Throwing a line
Service expected to help abuse victims
The Dalhousie Student Union is taking its first step toward changing attitudes about rape culture, sexism, misogyny, homophobia, and transphobia at the Halifax university.
The DSU is preparing to launch a pilot anonymous Sexual Assault Peer Support Phone Help Line in September.
“We’re looking to launch a 24hour sexual assault support line and to be operational for the first six weeks of the school year,” said DSU vice-president Kaitlynne Lowe.
The DSU is looking to hire a coordinator who will acquire volunteers to work eight-hour shifts to handle phone lines. Ideally, there would be at least two volunteers in the call centre at all times.
Lowe said the program has been in the works for over a year, but after recent events at Dalhousie, there’s a bigger push to provide these services.
“The incidents in December and January definitely brought to light a lot of the issues, that it’s just a prevalent systematic and cultural issue,” she said. “This is just one of the ways that we can tackle it, by giving a support to survivors.”
Lowe said they took inspiration from other universities in Canada who offer similar services. There is currently no program like this in Nova Scotia.
She emphasized the phone line isn’t for reporting sexualized violence, but for seeking help. Advising callers to report an assault will vary from case to case.
“They’re able to talk to someone who is going to provide nonjudgemental, active listening, be able to provide information, and also to provide support those who call in to process incidents.”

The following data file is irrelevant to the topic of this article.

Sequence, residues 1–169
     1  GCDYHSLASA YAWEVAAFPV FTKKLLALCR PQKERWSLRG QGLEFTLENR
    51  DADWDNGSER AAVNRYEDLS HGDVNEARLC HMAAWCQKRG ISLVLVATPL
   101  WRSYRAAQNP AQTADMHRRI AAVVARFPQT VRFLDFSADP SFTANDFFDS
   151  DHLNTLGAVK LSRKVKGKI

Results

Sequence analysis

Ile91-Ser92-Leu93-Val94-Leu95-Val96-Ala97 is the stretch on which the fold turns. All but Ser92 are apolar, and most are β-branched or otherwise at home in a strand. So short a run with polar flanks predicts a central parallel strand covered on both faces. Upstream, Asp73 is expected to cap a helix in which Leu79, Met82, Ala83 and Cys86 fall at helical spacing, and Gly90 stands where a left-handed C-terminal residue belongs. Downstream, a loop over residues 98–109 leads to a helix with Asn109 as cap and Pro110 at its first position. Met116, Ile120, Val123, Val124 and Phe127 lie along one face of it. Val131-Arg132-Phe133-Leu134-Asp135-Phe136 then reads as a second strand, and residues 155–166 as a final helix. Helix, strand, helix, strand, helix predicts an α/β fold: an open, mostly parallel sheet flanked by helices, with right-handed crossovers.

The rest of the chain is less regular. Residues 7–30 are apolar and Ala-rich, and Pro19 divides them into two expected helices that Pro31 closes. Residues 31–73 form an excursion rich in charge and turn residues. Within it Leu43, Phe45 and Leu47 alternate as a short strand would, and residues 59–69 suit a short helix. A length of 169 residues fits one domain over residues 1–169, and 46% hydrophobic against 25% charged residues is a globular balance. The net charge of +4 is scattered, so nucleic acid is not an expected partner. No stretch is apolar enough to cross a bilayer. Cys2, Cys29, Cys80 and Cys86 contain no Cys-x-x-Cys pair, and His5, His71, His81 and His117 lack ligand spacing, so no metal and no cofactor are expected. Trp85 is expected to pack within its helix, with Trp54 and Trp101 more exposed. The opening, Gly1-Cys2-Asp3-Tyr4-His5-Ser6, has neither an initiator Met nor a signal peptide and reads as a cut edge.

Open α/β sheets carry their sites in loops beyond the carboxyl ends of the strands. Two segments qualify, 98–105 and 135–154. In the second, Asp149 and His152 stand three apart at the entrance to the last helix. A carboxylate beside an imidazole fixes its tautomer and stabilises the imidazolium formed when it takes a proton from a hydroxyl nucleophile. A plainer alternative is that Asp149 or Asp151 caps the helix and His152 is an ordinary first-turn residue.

Though the support line isn’t for reporting, the DSU says Dalhousie should have an anonymous reporting protocol.
The co-ordinator and volunteers will go through extensive training to ensure they’re able to properly support callers looking for help.
The DSU hopes to have the program up and running for fall semester, as there tends to be a spike in sexualized violence on campus, Lowe said.
After that, they will evaluate its success and hopefully keep the phone lines open all year.
“We hope it will provide a safe space for anyone who experiences sexualized violence,” Lowe said.
“It’s an issue that students have been at the forefront fighting for years and this is just a great example of how we can make some change of reality.”
Kaitlynne Lowe, vice-president of internal affairs for the Dalhousie Student Union, discusses a new help line at the Halifax campus Tuesday.